DENVER -- D-backs outfielder Cody Ross has tried to keep a positive attitude so as not to drag down his teammates, but inside the struggles of 2014 are clearly taking their toll.
"It's been a grind," Ross said. "Obviously it hasn't gone the way you sort of draw it up at the beginning. The last thing you want to do coming off an injury is start off slow, because you kind of feel like you're behind the eight-ball already. It's just a bad feeling."
Ross suffered a devastating injury last August when he fractured and dislocated his right hip while running to first base.
After an arduous rehab process Ross was back in action in mid-April and while the hip has held up, his batting average has sunk to .179 heading into Wednesday night's game.
"I've probably put more work in the cage this year than I have my whole career," Ross said. "But I have to stick with it. I'm trying different things. I've changed things. So right now I feel like I've got an idea what's going on and I've changed a couple of things mechanically and I feel like I'm in a better spot."
D-backs manager Kirk Gibson left Ross out of the lineup Wednesday and said that he might do that for the near future while Ross works in the cage to be more comfortable with the mechanical changes the team has asked him to make.
Once Ross does get back in the lineup, he knows that sometimes all it takes to turn a season around is a good game or two.
"If you go out there and get a couple of hits no matter what you're doing, your confidence level goes up and then it starts going and it just snowballs," he said.
Gibson rests Owings day after near-cycle
DENVER -- D-backs shortstop Chris Owings missed hitting for the cycle by a single Tuesday night.
On Wednesday, he was out of the lineup.
Kirk Gibson knows that decision will cause some to scratch their heads, but the D-backs manager believes that Owings is best served during his rookie year by getting the occasional day off.
And one thing Gibson does not want to do is have Owings think he's sitting because he's not playing well. So with that in mind, Gibson tells Owings before the game the day before he plans on sitting him.
In other words, he told him pregame Tuesday that newly-recalled Didi Gregorius would get the start at short on Wednesday.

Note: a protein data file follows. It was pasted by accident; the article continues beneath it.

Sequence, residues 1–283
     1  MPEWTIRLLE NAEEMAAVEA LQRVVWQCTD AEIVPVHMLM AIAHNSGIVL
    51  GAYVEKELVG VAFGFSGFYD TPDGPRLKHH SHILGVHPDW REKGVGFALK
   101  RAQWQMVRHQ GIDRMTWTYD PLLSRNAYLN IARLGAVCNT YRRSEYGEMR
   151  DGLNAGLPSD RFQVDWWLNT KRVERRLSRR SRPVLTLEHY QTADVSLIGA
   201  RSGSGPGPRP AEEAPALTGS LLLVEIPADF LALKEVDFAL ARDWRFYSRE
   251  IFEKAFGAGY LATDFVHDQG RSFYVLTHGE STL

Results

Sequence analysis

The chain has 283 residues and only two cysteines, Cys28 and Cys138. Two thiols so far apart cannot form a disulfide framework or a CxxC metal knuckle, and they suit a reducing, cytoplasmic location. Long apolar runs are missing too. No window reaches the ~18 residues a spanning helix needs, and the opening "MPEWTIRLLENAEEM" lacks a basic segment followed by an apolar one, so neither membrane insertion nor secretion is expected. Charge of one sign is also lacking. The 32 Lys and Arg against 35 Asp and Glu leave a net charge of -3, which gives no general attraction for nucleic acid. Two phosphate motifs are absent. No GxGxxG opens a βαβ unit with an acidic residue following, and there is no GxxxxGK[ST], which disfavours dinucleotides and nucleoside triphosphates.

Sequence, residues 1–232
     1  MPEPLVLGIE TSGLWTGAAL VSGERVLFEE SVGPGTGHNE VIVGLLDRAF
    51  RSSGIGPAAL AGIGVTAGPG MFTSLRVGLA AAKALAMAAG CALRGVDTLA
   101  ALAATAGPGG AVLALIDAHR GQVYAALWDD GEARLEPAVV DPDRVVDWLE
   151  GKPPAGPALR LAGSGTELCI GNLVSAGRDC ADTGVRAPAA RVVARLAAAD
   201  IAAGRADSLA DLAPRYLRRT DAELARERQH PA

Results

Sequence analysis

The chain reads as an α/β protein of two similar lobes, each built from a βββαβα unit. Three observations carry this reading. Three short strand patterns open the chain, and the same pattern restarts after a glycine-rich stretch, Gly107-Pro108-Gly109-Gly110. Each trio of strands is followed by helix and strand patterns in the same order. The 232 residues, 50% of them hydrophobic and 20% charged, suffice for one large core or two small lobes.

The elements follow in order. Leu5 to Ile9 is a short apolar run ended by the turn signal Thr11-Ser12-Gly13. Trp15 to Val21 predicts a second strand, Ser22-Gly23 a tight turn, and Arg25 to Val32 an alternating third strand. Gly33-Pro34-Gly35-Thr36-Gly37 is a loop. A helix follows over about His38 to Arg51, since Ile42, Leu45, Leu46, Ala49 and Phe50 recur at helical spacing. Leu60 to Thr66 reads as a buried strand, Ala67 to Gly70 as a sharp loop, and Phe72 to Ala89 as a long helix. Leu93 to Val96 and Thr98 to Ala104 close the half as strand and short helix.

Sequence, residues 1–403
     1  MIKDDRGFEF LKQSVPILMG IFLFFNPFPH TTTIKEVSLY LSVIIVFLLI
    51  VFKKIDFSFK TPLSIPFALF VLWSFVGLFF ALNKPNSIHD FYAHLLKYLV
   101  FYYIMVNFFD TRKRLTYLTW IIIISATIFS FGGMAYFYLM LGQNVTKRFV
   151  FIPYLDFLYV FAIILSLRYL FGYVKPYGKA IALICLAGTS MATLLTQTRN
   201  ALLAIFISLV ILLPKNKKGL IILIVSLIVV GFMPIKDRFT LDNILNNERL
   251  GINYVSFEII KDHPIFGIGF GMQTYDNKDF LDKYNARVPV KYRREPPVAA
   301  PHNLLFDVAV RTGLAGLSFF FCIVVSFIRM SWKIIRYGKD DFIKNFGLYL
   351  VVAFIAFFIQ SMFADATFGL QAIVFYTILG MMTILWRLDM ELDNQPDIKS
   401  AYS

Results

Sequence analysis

"The way I think it's been most effective for him, I've played him a couple of days and given him a day off to sit back and watch the game and talk about things that happen within the game," Gibson said. "Trying to take some pressure off him."
Whereas Gibson would play backup shortstop Cliff Pennington once a week, he knows he must get Gregorius more time than that if he wants him to continue to develop.
At the same time, he has to be careful to not hurt Owings' confidence or have him looking over his shoulder when it comes to Gregorius, so look for Gibson to give Gregorius some time at second when he rests Aaron Hill.
"I talked to C.O. about it today and told him this is the way we're going to progress right now," Gibson said. "We're going to have a different rotation. I look at Chris Owings as having a very good year right now. He has all the makings of a championship player. And certainly somebody we think very highly of. I don't want him to get disappointed or look over his shoulder.
"It's just the way it's going to work for the team right now. He's totally open to that and he'll be ready whenever I ask him to be ready."
• Shortstop Cliff Pennington had successful surgery to repair a partially torn ligament in his left thumb Wednesday. It will be eight to 10 weeks until Pennington can resume baseball activity.
• Infielder Didi Gregorius played more games at second than he did shortstop with Triple-A Reno this year.
"It's pretty much the same," Gregorius said. "Only the angles are different. Not a big difference."
The only other time in his pro career that he played second base was in 2012 with Cincinnati's Triple-A team.
• The D-backs Triple-A Reno affliliate has won six straight series for the first time in Aces' history.
Steve Gilbert is a reporter for MLB.com. Read his blog, Inside the D-backs, and follow him on Twitter @SteveGilbertMLB. This story was not subject to the approval of Major League Baseball or its clubs.